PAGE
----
There are times when millions of thoughts run through our mind about a particular idea, and every thought makes complete sense to us. However, once we try to share these thoughts with others, we begin to face difficulty communicating them. This difficulty often arises when we assume that the person, whom we are communicating with, have a basic understanding of what we are talking about; thus, we skip explaining each thought in detail, leaving the person feeling confused. It is similar to telling someone a story by informing them about the beginning and the end while leaving the middle portion of the story out. The solution to this problem is to allow yourself to step back and observe the main idea and it’s details. You can begin by painting a picture of the main idea to your listener, then go into each detail while fighting the urge to skip some of your thoughts. The details are the main components of each idea; thus your listener will be able to understand the idea you are trying to communicate if you orally build the idea by putting the components together in front of your listener. The trick is to break down each idea to small components then build it once again in your mind before you try to communicate your thoughts with others.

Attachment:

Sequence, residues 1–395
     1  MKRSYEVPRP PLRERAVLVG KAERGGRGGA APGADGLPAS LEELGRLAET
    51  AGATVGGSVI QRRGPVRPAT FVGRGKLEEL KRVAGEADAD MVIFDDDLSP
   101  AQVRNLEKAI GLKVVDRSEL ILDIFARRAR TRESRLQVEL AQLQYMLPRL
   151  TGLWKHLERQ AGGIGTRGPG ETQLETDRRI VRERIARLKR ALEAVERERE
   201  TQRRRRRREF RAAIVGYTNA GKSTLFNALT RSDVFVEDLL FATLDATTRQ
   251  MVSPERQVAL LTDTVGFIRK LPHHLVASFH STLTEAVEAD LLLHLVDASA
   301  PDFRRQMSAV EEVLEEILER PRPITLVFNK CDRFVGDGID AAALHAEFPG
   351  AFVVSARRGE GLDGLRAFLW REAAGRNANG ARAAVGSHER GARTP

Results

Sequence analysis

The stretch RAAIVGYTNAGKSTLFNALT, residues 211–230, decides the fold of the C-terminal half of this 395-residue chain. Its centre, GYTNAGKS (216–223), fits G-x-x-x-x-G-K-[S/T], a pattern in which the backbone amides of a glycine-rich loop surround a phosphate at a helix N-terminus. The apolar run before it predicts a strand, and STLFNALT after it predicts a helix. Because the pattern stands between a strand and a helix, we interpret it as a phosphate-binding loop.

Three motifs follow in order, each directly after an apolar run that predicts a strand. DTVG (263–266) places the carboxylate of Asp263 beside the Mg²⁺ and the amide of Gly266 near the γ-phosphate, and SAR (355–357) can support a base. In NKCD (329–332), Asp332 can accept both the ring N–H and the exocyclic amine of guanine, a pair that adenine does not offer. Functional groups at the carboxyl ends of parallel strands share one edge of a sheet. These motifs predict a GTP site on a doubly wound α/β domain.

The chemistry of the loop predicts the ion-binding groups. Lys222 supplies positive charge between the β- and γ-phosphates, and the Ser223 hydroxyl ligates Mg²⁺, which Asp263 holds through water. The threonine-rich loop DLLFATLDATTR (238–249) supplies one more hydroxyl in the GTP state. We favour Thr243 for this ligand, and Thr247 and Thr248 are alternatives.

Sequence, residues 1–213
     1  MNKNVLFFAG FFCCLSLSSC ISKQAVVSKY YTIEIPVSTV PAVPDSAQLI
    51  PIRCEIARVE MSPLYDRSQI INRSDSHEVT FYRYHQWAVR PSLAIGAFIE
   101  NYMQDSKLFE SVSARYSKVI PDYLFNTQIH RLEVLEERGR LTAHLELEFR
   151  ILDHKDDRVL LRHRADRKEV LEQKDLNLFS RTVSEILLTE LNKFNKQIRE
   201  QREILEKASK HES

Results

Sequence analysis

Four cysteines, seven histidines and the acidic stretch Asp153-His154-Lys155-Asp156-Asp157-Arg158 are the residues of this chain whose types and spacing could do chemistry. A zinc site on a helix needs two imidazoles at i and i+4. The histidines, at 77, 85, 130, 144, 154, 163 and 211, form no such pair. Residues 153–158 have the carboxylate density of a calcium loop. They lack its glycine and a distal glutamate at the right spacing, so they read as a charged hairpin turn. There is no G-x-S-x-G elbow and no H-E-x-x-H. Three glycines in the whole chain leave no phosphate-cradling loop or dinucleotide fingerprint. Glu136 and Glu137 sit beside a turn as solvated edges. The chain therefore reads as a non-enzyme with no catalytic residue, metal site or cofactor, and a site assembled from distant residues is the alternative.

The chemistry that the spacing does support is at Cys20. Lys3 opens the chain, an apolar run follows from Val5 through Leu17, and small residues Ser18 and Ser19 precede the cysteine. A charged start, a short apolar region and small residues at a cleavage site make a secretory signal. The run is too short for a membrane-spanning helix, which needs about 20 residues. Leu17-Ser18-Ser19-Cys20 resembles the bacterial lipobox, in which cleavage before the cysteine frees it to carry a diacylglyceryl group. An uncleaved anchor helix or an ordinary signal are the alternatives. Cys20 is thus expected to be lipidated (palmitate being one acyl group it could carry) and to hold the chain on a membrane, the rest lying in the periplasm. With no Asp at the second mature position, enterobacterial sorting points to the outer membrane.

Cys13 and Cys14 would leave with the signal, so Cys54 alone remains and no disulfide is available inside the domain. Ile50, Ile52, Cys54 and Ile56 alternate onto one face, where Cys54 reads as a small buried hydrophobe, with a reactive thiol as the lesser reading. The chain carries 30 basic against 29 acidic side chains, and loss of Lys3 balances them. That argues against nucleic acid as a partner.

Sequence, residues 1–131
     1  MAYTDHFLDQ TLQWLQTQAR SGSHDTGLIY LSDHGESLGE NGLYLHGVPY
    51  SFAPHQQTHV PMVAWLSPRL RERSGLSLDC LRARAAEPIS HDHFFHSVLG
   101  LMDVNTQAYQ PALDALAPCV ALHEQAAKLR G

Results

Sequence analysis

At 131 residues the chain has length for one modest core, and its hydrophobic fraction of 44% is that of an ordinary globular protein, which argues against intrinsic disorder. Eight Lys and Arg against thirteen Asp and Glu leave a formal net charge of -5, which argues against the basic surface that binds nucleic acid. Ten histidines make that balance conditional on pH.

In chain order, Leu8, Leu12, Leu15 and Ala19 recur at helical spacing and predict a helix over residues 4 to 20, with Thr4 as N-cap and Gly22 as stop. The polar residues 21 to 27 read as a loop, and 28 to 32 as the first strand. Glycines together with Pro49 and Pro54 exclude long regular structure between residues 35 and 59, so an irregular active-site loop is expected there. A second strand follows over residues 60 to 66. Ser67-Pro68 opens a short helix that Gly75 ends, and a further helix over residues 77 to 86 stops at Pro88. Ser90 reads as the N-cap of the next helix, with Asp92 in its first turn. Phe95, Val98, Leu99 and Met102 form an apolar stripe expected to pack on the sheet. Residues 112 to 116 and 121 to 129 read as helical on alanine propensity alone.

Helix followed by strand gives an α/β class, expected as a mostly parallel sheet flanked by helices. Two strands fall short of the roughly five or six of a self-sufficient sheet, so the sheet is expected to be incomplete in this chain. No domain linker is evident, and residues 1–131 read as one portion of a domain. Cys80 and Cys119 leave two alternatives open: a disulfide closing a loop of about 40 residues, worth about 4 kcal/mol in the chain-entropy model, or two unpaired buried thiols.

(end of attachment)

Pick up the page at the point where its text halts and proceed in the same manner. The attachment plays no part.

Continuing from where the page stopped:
I read this article in inc. magazine, Lessons in Learning How To Program, where the author connects programming to communicating. In order to program, one has to break down each thought and explain it in details to the computer, a machine that knows nothing. Thus, if one wants to communicate their ideas effectively to others, they have to break down each thought and explain it piece by piece without rushing or assuming that the listeners is capable of reading the speaker’s mind.